Five children were taken from an apartment found in fetid conditions Friday, while three adults in the family who lived in the bug-infested, foul-smelling home in Manchester, New Hampshire, were arrested, police said.
The five children were aged 2-6, and they were discovered in the second-floor apartment on Spruce Street near Beech Street after a property manager called police, Manchester police said Monday.
"When they walked inside, they found deplorable conditions. There was trash strewn about, flies and bugs on the ceilings and walls. There was a pungent odor, there was feces in the crib where one of the children slept," police spokeswoman Heather Hamel said.
Alicia Washok, 37; Eddie King, 44; and Lori Harmon, 62, were arrested on charges including endangering the welfare of a child and reckless conduct, according to police. King is Washok's husband and Harmon her mother; they allegedly resisted arrest.
It wasn't immediately clear if they had attorneys who could speak to the charges.
The property manager had been trying to get into the apartment to fix a leak, but wasn't being let inside.
"When he went to the door to speak with her, he noticed that there were cockroaches all climbing around the outside and the inside of the door, and he could hear children inside," Hamel said.
That's when he called police, who could see bug and flies near one of the apartment's windows, Hamel said. Upstairs, outside the unit, the smell of the unit was noticeable.
Washok wouldn't let the officers inside, but a child -- who Hamel described as covered in "filth from head to toe" -- came outside, prompting the officers to demand to be let in for a welfare check, police said.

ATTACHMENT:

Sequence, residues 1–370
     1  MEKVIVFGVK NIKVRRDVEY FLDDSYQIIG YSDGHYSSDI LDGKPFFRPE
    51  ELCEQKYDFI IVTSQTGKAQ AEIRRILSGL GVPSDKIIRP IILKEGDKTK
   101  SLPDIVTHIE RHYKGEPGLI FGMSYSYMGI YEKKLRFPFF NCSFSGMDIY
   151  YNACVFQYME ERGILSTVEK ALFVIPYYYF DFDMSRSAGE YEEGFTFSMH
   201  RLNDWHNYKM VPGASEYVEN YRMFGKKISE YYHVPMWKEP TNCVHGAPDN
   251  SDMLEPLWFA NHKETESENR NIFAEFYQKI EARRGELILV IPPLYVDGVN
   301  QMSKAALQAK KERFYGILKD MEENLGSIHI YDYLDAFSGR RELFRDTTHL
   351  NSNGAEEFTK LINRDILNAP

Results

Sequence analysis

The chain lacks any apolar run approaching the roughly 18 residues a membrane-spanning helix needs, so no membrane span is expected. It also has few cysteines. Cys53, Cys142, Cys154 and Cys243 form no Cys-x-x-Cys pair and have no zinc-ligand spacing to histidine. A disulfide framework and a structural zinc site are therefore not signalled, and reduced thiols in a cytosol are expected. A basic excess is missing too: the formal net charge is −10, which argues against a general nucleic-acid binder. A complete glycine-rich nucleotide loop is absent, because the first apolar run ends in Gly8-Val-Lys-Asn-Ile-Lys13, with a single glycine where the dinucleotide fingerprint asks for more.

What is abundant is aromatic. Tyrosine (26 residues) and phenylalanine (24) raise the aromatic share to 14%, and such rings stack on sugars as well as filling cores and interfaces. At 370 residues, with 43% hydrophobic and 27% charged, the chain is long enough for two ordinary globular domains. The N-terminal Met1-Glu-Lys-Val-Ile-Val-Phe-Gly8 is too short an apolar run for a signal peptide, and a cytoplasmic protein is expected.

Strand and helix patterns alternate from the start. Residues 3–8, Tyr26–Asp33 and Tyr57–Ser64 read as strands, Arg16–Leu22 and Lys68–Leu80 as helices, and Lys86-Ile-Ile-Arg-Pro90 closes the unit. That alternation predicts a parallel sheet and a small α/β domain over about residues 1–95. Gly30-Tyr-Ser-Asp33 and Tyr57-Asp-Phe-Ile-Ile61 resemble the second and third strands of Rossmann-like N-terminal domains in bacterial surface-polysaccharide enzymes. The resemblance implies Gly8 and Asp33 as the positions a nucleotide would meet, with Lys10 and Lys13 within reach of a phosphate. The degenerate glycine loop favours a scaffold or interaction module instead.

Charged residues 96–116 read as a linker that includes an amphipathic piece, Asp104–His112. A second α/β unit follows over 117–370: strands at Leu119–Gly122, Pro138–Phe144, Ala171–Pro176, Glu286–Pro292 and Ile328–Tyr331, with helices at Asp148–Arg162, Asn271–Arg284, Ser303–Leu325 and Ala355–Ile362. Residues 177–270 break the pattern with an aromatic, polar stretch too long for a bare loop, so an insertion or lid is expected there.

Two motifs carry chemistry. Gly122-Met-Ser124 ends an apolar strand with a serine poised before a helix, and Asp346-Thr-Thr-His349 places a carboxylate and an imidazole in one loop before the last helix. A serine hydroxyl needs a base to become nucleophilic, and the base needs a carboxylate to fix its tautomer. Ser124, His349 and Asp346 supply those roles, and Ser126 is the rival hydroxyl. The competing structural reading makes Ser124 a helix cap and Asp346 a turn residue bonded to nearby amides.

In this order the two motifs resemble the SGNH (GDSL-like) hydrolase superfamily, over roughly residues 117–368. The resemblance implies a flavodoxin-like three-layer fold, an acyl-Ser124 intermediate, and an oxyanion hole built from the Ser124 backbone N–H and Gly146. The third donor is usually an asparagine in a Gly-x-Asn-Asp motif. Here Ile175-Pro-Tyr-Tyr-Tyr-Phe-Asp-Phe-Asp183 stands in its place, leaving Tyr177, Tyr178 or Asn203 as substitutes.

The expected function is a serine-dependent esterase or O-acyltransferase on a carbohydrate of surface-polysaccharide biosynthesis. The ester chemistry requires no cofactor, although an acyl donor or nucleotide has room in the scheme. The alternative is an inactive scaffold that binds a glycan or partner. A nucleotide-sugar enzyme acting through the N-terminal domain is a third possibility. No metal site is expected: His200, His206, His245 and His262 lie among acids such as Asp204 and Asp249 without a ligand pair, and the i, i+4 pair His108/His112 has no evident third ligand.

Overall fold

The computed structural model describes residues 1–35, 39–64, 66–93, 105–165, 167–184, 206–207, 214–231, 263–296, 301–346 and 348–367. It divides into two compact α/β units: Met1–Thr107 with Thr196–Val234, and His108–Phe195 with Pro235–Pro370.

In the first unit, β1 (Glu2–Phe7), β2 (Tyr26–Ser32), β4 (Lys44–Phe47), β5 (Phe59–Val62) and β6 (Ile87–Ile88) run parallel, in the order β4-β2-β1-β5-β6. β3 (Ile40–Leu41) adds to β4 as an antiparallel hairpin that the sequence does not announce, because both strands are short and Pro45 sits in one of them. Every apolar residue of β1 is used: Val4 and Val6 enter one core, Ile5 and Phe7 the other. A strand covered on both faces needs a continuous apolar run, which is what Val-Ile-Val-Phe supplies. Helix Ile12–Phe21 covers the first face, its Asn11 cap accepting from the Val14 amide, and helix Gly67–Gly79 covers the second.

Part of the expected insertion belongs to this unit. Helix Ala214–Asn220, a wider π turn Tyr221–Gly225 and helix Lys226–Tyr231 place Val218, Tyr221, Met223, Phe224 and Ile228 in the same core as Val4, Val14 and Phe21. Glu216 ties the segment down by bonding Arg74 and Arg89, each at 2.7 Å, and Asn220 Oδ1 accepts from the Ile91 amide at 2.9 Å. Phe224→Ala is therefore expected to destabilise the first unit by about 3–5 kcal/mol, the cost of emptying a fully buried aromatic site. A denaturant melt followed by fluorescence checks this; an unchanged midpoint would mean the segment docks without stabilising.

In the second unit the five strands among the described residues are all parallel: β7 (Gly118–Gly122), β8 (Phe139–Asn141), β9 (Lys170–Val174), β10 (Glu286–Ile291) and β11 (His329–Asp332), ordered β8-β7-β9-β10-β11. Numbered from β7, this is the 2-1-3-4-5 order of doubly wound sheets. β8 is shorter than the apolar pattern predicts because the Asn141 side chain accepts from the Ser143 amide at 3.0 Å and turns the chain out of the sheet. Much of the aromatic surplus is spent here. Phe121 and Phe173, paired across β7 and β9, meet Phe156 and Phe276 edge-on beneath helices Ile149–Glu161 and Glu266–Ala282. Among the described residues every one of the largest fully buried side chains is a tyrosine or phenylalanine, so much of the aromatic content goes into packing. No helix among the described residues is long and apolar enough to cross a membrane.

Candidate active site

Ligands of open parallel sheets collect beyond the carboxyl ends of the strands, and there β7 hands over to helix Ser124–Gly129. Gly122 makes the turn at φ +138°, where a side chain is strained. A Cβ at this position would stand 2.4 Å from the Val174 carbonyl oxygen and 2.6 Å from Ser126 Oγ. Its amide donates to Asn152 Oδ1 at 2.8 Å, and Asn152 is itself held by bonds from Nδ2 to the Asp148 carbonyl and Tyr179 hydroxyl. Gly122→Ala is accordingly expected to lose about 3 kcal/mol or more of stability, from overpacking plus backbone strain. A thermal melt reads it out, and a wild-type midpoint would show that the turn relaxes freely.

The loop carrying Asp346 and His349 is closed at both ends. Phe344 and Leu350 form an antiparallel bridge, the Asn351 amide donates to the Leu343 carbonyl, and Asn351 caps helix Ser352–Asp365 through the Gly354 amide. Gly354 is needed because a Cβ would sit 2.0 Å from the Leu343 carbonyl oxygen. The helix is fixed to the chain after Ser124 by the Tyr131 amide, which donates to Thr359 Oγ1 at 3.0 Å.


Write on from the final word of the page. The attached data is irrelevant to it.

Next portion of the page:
The Obregon family, who has lived on the first floor for the past five years, say they've had to deal with infestations and a strong odor emanating from their neighbors' door since they moved in more than a year ago.
Cledia Obregon and her husband have resorted to to flypaper, mosquito screens and even taping up the air vents, but nothing stops the infestation or the smell from creeping into their home.
Roaches are spread across her daughter's bedroom, and dead flies hang stuck to strips of flypaper hanging from the ceilings, which they said they replace every three days.
"We called the landlord many times to please come and look into what was happening on the second floor because we could no longer take the stench," Obregon said.
Michael Dionne, who has lived on the third floor for six years, said the health concerns are nothing new.
"As soon as they moved in, it just went downhill fast," he said. "You could see all the bugs on the door … we were telling them every week."
Along with the bugs and trash in the apartment, officers saw moldy food near the children's beds.
"Immediately, the police officers felt that this was an unsafe, dangerous area for the children to be staying in," Hamel said.
The children were taken to a hospital for observation, police said.
The property owner and the management company have not responded to requests for comment.